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Build OpenNMS with Docker

2018-07-14 4 min read Tutorial OpenNMS Ronny Trommer

Being able to compiling an Open Source project is important. You can change the code, so you should also able to build it.

Why is there a dedicated Docker image for the build environment? The dependencies running a pre-build OpenNMS Horizon distribution and compiling from source are different. To build OpenNMS Horizon you need Apache Maven and to compile JICMP, JRRD you need a C compiler environment. This is nothing you want to carry when you just want to run OpenNMS Horizon.

The build environment for OpenNMS depends on the following components and is easiest built on a Linux CentOS 7 environment.

What do you need to compile OpenNMS:

  • Linux with git
  • OpenJDK Development Kit 8
  • Apache Maven
  • gcc with C++ build environment
  • When you want to run OpenNMS you need at least JRRD, JICMP and PostgreSQL

Docker is a great way to bundle these dependencies into a runnable build image. As soon you have a box which has a running Docker daemon running you can use our Docker Build Environment to compile and build OpenNMS Horizon from source and you can run it in a isolated Docker environment.

The Basics to Build and Assemble

This example gives you the possiblity to build and run multiple branches, so every branch gets his own directory with the branch name as a namespace.

Step 1: Make a workspace directory where we mess around.

cd ${HOME}
mkdir workspace
cd workspace

Step 2: Checkout the OpenNMS Horizon source code from GitHub

git clone develop/opennms
# Develop is checkout by default, if you want a custom branch check it out with git checkout origin/<branch-name>

Step 3: Compile OpenNMS Horizon and tag the running docker instance to make it easier to identify the running build process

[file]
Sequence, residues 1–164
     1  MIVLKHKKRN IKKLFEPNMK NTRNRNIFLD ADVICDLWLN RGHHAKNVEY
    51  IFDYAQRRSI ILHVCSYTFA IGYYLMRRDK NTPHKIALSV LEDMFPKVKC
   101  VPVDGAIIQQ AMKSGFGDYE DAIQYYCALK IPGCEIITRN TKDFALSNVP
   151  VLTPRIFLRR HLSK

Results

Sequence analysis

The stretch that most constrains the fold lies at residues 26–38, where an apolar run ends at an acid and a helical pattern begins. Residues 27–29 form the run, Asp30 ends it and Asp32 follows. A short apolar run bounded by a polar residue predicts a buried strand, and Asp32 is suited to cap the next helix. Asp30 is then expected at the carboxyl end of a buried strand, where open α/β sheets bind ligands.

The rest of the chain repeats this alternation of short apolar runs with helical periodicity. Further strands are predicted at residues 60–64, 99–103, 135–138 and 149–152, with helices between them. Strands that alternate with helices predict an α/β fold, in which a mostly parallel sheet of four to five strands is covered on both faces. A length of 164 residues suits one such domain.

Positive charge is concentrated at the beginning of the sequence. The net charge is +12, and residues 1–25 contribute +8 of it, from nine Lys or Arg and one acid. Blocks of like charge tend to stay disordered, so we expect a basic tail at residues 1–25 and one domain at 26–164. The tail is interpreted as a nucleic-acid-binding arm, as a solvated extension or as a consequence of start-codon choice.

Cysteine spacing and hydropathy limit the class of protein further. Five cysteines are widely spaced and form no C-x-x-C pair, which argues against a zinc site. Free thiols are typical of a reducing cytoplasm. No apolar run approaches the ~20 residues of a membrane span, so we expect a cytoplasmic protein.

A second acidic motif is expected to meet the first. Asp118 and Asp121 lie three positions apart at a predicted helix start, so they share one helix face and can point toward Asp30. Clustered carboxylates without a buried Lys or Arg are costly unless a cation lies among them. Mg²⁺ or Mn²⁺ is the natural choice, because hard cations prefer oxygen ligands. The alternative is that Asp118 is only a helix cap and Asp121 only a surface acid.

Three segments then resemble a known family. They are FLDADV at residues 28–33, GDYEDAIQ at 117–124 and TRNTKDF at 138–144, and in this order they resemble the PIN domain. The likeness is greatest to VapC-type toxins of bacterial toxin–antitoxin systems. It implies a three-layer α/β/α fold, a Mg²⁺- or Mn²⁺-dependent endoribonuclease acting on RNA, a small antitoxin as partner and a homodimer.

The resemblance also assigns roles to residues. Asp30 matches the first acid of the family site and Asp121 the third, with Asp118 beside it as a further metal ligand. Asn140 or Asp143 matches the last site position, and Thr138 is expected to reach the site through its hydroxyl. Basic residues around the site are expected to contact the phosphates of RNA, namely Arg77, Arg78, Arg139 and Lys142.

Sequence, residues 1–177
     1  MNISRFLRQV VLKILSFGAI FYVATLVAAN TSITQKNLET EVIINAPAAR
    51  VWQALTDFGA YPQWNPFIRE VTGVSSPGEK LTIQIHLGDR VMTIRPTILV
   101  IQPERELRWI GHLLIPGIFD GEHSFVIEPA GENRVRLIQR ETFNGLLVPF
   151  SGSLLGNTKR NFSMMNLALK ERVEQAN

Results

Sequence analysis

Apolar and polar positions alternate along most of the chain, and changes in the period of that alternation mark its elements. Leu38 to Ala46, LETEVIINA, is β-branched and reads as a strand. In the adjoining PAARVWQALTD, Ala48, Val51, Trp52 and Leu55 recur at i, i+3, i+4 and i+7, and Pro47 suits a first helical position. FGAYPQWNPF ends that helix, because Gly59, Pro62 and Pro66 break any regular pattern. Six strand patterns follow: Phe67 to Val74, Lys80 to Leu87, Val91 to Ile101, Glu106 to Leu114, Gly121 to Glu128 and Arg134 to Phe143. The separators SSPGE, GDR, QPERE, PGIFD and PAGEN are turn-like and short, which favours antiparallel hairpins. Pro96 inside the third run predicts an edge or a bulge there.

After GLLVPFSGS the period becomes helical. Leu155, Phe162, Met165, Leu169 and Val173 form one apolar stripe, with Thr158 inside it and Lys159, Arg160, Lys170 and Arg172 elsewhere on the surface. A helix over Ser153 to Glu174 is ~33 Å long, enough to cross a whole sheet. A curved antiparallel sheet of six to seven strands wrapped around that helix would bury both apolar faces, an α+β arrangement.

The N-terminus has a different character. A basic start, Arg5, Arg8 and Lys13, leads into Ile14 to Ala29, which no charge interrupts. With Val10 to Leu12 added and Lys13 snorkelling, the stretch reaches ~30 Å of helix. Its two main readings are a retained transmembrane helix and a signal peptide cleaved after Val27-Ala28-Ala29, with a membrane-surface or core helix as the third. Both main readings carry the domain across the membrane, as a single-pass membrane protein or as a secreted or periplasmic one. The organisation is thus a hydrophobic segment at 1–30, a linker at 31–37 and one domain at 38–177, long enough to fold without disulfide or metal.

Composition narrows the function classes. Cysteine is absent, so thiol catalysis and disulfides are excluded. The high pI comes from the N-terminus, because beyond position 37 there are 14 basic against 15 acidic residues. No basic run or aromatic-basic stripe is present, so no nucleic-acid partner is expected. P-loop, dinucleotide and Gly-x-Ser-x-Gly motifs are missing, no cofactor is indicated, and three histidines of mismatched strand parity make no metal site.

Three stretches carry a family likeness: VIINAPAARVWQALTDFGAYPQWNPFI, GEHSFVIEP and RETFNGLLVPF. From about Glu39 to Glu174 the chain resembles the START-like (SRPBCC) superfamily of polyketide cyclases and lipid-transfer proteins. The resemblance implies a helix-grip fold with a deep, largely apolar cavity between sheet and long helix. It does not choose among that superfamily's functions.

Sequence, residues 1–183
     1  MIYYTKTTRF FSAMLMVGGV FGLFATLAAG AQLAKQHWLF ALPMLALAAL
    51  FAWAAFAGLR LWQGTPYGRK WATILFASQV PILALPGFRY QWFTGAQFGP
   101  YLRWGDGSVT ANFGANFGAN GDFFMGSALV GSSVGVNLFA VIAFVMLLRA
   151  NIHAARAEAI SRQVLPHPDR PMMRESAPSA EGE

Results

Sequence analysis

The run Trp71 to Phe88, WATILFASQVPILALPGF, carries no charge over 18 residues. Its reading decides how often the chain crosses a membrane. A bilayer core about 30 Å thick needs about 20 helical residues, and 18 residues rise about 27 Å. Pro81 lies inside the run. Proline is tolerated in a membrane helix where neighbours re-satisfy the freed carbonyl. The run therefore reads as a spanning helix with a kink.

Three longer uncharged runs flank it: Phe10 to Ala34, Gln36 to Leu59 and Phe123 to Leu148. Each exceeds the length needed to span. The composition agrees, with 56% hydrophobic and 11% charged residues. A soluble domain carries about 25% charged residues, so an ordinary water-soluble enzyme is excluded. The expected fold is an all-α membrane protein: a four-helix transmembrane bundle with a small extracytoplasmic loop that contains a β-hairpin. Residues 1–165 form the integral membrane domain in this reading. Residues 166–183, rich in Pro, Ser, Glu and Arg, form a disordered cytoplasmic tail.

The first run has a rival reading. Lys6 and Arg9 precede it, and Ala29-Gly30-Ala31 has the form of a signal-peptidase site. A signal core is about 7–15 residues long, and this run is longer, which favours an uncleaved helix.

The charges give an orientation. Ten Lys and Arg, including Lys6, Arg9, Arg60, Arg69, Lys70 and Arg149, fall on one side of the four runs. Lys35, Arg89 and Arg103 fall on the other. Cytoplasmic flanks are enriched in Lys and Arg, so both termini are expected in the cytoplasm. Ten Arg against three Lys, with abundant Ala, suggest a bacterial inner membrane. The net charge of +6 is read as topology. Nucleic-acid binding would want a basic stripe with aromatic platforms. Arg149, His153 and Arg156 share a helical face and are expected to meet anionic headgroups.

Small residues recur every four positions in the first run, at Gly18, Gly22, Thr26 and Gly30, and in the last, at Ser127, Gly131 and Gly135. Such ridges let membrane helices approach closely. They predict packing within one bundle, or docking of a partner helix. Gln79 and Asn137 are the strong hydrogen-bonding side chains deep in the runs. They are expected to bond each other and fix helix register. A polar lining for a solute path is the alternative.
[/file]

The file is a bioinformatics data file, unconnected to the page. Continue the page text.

docker run --rm \
    -l "branch=develop" \
    -v $(pwd)/develop/opennms:/usr/src/opennms \
    -v $(pwd)/m2:/root/.m2 \
    -v $(pwd)/develop/m2:/root/.m2/repository/org/opennms \
    opennms/build-env:latest /usr/bin/perl -DskipTests

Step 4: Assemble OpenNMS Horizon so it can be started from /opt/opennms

docker run --rm \
    -l "branch=develop" \
    -v $(pwd)/develop/opennms:/usr/src/opennms \
    -v $(pwd)/m2:/root/.m2 \
    -v $(pwd)/develop/m2:/root/.m2/repository/org/opennms \
    opennms/build-env:latest /usr/bin/perl ./ -DskipTests -p dir -Dopennms.home=/opt/opennms

Dealing with Maven Home

The Maven home directory is the place where all Java dependencies are downloaded. The first build will take a while, cause all these dependencies needs to be downloaded and are cached in the home directory of the user who compiles it. In our case this is in the container /root/.m2.

You notice in the docker run commands, we create a global m2 directory. So it needs to be populated once and can be reused in every other branch we build.

-v $(pwd)/m2:/root/.m2 \

Maven artifacts are stored by version numbers. For the reason branches forked from develop have all the same version number 23.0.0-SNAPSHOT. If you want to build multiple branches they can mess things up. So we have to isolate all OpenNMS related artifacts from each other. We just mount .m2/repository/org/opennms directory to a dedicated place in the branch directory.

-v $(pwd)/develop/m2:/root/.m2/repository/org/opennms \

That way we can leverage from a shared local Maven repository and have branch specific places for OpenNMS Horizon artifacts.

I’ve put things described here in a convinient bash script which can be run from a workspace directory.

./ -b jira/NMS-9858

It will checkout the source code, build and assemble for a given branch.

Running with Docker

So now you have built and assembled everything you want to start it. You can use the opennms/build-env:latest image also to start a built OpenNMS Horizon. It has the same as the Docker image you can use with the pre-installed one. The build-env image gives freedom to run things, you have to call it explicitly in the command section in your docker-compose.yml file.

command: ["/", "-s"]

We assembled the compiled source code to run in /opt/opennms, so we can just mount it in the right place.

  - ./opennms/target/opennms-23.0.0-SNAPSHOT:/opt/opennms

The ports for the webapp are by default published to dynamic addresses, so you can run multiple stacks of OpenNMS Horizon on the same host. You can see the port mapping by running docker ps, in this example the TCP port 32787 is mapped to the Horizon webapp and you can access the webui with http://hostip:32787.

Feel free to download and make them better in our GitHub Repository.

Happy Dockering